Prominent Case Principles: Vento v Chief Constable of West Yorkshire Police

Vento v Chief Constable of West Yorkshire Police When a tribunal is assessing compensation for a successful claim, they will take many factors into consideration, generally basing their conclusion on the financial loss of the claimant so that they are able to stand financially in the position that they would have, had they not been unfairly dismissed. Compensation in discrimination claims includes a further factor – an element of award for injury to feelings. Vento v Chief Constable of West Yorkshire Police is the enduring case helping tribunals decide how much compensation to award for injury to feelings. Ms Vento was undertaking training to become a police officer. In general, she made good progress during her first year in her paperwork and in her work relationships. But in the first half of 1997 a series of incidents occurred when fellow police officers criticised her conduct, her personal life and her character in an unwarranted, aggressive and demoralising manner. The treatment was found to be less favourable than a hypothetical male officer would have received in the same circumstances. The tribunal inferred that the less favourable treatment was on the ground of her sex. At first she coped well with the situation and with the effects of the personal circumstances, including a marriage breakdown. However, she was subsequently diagnosed as clinically depressed. Over the next few months, she was prescribed medication and spent time on sick leave before returning to work. Further incidents of discrimination occurred following which she suffered suicidal impulses. The discriminatory treatment of her contributed to her depression and affected her ability to form relationships. She was dismissed on the ground of alleged lack of honesty and lack of performance. The Employment Tribunal found that Ms Vento did not have a vulnerable personality, which would increase the risk of failing to complete a full career in the police force to the retirement age of 55. It found that she would have successfully completed her probation and qualified as a police constable. It also found that she had limited career prospects. She was only likely to engage in clerical work in the future. The Employment Appeal Tribunal (EAT), within the judgement, gave guidance on how to calculate injury to feelings compensation, as follows (the original compensatory figures given in 2002 have been uprated according to inflation but the bandings remain the same):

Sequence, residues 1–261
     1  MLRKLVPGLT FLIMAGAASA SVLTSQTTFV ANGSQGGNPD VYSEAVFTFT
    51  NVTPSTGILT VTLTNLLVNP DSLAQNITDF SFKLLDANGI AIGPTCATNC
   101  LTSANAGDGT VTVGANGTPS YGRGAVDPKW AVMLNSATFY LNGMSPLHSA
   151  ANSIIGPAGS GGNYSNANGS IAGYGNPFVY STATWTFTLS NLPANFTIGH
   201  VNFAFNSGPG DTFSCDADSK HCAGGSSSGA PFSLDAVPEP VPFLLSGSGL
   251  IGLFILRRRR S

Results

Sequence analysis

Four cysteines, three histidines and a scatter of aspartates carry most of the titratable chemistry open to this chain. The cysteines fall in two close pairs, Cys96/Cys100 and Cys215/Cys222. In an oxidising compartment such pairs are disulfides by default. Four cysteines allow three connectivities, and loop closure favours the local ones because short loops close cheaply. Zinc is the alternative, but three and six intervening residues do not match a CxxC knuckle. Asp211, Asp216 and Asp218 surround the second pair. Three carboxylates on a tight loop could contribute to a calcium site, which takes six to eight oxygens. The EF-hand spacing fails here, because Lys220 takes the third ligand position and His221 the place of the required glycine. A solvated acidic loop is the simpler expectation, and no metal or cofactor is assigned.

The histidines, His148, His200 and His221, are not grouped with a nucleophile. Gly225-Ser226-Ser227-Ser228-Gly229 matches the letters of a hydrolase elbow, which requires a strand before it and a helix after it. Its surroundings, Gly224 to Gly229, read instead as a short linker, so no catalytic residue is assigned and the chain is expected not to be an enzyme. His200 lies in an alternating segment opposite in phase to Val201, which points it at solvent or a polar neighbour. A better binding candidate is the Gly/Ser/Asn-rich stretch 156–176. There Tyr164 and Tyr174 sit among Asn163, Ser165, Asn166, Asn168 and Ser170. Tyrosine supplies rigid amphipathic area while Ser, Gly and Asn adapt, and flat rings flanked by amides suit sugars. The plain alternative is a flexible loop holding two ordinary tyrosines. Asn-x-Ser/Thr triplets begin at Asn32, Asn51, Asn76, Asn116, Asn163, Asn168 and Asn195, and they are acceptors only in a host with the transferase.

• Awards up to £6,000 are appropriate for less serious cases, such as where the act of discrimination is an isolated or one off occurrence;
  • The middle band of between £6,000 and £18,000 should be used for serious cases, which do not merit an award in the highest band;
  • The top band should normally be between £18,000 and £30,000. Sums in this range should be awarded in the most serious cases, such as where there has been a lengthy campaign of discriminatory harassment.
The EAT declared that Vento’s compensation fell within the highest of these bands. Any compensation greater than the highest band should only be awarded in the cases of the utmost seriousness.

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